Diamond Ring Settings
Micro Pavé Setting
The micro pavé setting is one of the more difficult of techniques for setting small diamonds. The micro pavé setting requires use of a microscope and exceptional hand-eye coordination. The array of diamonds closely knit and usually adjacent results in dazzling continuity of diamonds with minute prongs, barely visible to the naked eye. Our diamond wedding rings and promise rings can be found with pavé set diamond accents.
Diamonds can be set with the pavé setting part around the ring - usually 1/2 to 3/4 the way round or can be set all the way around. The advantage of having fewer diamonds and leaving a plain area of metal is for future resizing.
The bezel setting is a diamond setting technique usually used for medium to large size diamonds by surrounding the stone with a usually thin perimeter of the chosen metal. Often, the bezel setting itself is pave set to create an effect of a larger center diamond. This setting is the most secure possible setting for diamonds.
In recent years, the bezel 'halo' setting, with small pavé set diamonds around the main diamond has become one of the most popular settings after the prong setting. The halo design beautifully accentuates the main diamond and adds an elegant touch of sparkle.
The prong setting is by far the most popular choice for setting diamonds. The most common options are 4 and 6 prong settings, where a ridge in the gold is made for the diamond to be tapped into professionally.
One type of prong setting is the 'basket' setting, where the prongs are linked together with thin horizontal bars, creating a basket shaped center-piece, to hold the prongs and the diamond securely in place.
Shared Prong Setting
For smaller diamonds, especially where there's a calibrated, matched row of diamonds, for clean minimalism, diamonds can be set with split or shared prongs. More sturdy prongs and bridge between the diamonds is recommended to ensure that the shared prong can't be easily knocked out of place - causing diamonds to come loose.
The tension setting is one of the more precarious of settings, using a combination of tiny ridges in the metal and pressure to hold the stone in place. Well made tension set rings will have a hidden security bar or basket to ensure that the diamond cannot come loose even if accidentally knocked.
The tension setting allows for alternative and avant-garde designed rings with the main diamond showcased from all angles.
Channel set diamonds create a smooth array of diamonds, touching edge to edge in a channel of gold or platinum. Channel settings require perfectly matching sized diamonds and in especially in the case of baguette and princess cut diamonds, the cut of the diamond should also be matched so that the facets of all the stones are nicely aligned.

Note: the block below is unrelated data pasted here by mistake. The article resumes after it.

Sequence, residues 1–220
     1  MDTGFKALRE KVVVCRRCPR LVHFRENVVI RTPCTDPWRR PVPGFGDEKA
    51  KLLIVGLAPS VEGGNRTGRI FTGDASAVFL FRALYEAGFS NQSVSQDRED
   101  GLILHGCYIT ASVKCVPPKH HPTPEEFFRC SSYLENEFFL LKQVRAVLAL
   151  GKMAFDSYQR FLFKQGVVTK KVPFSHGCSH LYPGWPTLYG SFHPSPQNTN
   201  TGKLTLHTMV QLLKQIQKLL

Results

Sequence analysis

Resizing a channel-set ring is a significant challenge, particularly if the diamonds are set all the way round. In many cases, making a new ring would be required if the size change is more than minimal.
Diamond Setting FAQs
What are some popular setting techniques for diamonds?
While prong and pavé settings continue to stand the test of time in popularity, other styles like invisible, tension, and channel settings have also made a splash as trendy choices.
What should I look for in a prong setting?
A well-crafted prong setting will feature a thicker base to ensure stability and thinner tops to maximize the diamond's exposure. For smaller to medium-sized diamonds, at least four prongs are advisable, while larger stones should have between four and eight prongs for optimal security.
Are channel settings secure, and what are the challenges if a stone falls out?
Although channel settings are highly secure, replacing a dislodged diamond can be a complex process. This usually requires removing all the channel-set stones, making it a labor-intensive repair job.
Is pavé setting suitable for daily wear?
Yes, a quality pavé setting, where tiny diamonds pave the surface of the metal, is ideal for daily wear. The diamonds are meticulously set under a microscope by a master diamond setter using tiny prongs.
Which metal provides the strongest setting?
For a setting that balances durability and elegance, 14K white or yellow gold is your best bet. It's stronger than 18K gold, which has a softer composition, and more rigid than platinum, which is heavier but more flexible.
What are the advantages of choosing a halo setting?
Halo settings amplify the appearance of your central diamond, offering additional sparkle and presence. They are an excellent choice for engagement rings, pendants, and stud earrings.